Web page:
Photo Information

CAMP RAMADI, IRAQ (OCTOBER 6, 2007)—First Lt. Jeromy Johnson, executive officer, Headquarters and Service Company, 1st Battalion, 8th Marine Regiment, currently attached to the U.S. Army’s 1st Brigade Combat Team, 3rd Infantry Division, Multi National Force-West, briefs Marines of the battalion’s military police transition team before a convoy into Ar Ramadi. The team’s mission is to work with Iraqi security forces in joint security operations (Official U.S. Marine Corps photo by Lance Cpl. David A. Weikle).

Photo by Lance Cpl. David A. Weikle

Marines and Iraqis work together for security in Al Anbar

21 Oct 2007 | Lance Cpl. David A. Weikle

During December 2006, Mark Kukis of TIME magazine called Ar Ramadi the most dangerous city in Iraq. The capital of the Al Anbar province is now considered a prime security example of everything that is going right in Iraq.

Part of this successful turnaround can be attributed to an integration of coalition forces and Iraqi security forces to make a safer Iraq for the people of this formerly oppressed nation. It’s a turnaround which is a shining example of what U.S. troops need to do to win the war.

One of Ramadi’s achievements is the level of peace and security its residents enjoy. One of the Bush administration’s major goals for troop withdrawal is having Iraqis responsible for the security of their country. Marines in Anbar have formed teams, called military police transition teams, which deal directly with Iraqi Security Forces to help meet this goal.

Capt. Sean P. Carroll is one such Marine. The commanding officer of Headquarters and Service Company, 2nd Battalion, 5th Marine Regiment, attached to the U.S. Army’s 1st Brigade Combat Team, 3rd Infantry Division, Multi National Force-West, Carroll was the coordinator for his battalion’s ISF cell during their deployment in support of Operation Iraqi Freedom. As Carroll and his fellow service members return home, the Marines of 1st Battalion, 8th Marine Regiment, have come to Ramadi to carry on the mission started by 2nd Battalion, 5th Marines, earlier this year.

“It’s hard to turn over all our hard work and progress to another unit,” said Carroll, a San Diego native. “We know 1st Bn., 8th Marines, can take over this program successfully. We’re very satisfied with that.”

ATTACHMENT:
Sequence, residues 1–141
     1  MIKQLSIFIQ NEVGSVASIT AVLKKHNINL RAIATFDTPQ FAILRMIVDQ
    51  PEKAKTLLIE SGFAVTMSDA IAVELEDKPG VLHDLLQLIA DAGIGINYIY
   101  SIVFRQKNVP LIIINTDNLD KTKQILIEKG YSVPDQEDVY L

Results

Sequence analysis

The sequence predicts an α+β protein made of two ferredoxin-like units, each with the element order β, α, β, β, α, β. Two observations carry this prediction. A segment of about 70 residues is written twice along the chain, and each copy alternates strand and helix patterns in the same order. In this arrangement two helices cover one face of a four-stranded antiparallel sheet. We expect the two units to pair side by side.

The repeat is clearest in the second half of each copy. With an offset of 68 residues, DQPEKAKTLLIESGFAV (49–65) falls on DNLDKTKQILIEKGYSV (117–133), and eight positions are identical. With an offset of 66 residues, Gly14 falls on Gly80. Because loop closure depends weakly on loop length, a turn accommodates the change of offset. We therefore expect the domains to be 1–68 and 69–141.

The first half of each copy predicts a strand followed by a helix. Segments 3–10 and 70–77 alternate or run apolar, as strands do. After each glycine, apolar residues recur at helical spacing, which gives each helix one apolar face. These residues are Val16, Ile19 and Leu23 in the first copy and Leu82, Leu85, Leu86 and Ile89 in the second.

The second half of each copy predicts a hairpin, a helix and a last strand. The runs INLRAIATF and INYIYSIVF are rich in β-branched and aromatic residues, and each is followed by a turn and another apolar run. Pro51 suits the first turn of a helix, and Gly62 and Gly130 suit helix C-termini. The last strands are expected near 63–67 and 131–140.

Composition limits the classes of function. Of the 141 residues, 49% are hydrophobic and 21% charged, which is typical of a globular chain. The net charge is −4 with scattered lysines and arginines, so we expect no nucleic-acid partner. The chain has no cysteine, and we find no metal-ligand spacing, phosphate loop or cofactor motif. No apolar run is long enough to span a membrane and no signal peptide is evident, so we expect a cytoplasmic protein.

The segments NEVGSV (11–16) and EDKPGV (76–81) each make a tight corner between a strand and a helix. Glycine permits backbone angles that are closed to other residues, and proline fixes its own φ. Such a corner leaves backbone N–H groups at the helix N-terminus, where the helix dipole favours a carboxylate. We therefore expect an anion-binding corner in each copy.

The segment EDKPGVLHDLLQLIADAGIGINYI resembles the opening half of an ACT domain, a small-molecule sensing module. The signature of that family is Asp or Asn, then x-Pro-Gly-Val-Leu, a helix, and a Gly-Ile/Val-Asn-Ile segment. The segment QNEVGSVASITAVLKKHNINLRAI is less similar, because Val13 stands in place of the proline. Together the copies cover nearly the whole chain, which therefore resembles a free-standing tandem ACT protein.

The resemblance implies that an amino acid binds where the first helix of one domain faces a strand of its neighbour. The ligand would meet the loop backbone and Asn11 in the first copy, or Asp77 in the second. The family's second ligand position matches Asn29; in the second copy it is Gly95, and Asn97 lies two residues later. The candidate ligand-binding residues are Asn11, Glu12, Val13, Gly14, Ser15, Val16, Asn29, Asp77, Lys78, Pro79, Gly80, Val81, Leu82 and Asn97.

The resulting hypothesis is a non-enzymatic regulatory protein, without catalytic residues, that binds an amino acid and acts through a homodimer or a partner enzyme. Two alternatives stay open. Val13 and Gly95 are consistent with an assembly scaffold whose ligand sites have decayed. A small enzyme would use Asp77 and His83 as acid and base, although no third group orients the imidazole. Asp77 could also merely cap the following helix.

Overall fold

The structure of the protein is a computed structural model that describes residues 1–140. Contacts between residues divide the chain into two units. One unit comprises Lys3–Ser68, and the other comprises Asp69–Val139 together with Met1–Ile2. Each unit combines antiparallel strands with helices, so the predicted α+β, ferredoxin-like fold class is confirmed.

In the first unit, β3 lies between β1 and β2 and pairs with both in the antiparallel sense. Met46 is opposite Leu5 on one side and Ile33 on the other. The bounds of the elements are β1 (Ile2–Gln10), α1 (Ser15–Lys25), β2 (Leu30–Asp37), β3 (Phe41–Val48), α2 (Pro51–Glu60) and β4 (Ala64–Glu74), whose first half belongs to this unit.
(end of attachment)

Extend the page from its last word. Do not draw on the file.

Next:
Carroll credited part of the battalion’s success to the efforts of the MTTs and PTTs that were brought together as the ISF cell. He said the success of the cell came from the hard work and determination of the Marines.

“The first thing we had to do was clear our area of operations of insurgent safe houses and strongholds,” said the 1994 Valhalla High School graduate. “There was a large involvement with the Iraqi Police, the Iraqi Army and the emergency response units. Then we started organizing the ISF units in our AO into a more capable and effective force.”

Carroll’s ISF cell pushed for more training for the Iraqi Police and Iraqi Army units in their area of operations including formal training academies and daily training with Marines in the ISF cell. Carroll’s team was also responsible for starting programs to train female IPs.

“It was a major accomplishment,” he said. “We were able to start a training program for the female IPs and integrate them into the force.”

The Marines of 1st Bn., 8th Marines, hope to carry on the accomplishments achieved by Carroll and his men as they begin their deployment in support of Operation Iraqi Freedom. First Lt. Jeromy Johnson was selected to replace Carroll as the ISF coordinator for the battalion.

“The ISF cell is a very important part of the mission,” said Johnson, the executive officer for Headquarters and Service Company, 1st Bn., 8th Marines. “All the police transition teams in the ISF cell can show Iraqis how to do things. The Iraqis have the knowledge to take over security.”

Johnson has been given a section of the battalion’s personnel security detachment to help carry out his mission. Johnson says the decision to place a section of PSD in the ISF cell came from the battalion commander.

“They provide security for the ISF cell,” said the Roxboro, N.C., native. “We’d have no one to provide security during our meetings without them.”

Johnson’s goal is to get several of the IP stations operating independently of his Marines in the ISF cell. He plans to accomplish this by gradually pulling back the coalition forces operating with Iraqi Police and Iraqi Army units.

“I think we will have multiple stations operating independently before we leave,” said the husband and father of three. “The stations will only need logistical support from us.”

Before U.S. troops can turn over the security of Iraq to Iraqis, the people of Iraq must demonstrate they can provide security for their country. With help from service members like Carroll and Johnson, the day when American troops can leave Iraq, knowing that Iraq and the United States are safer, is approaching faster with each passing day.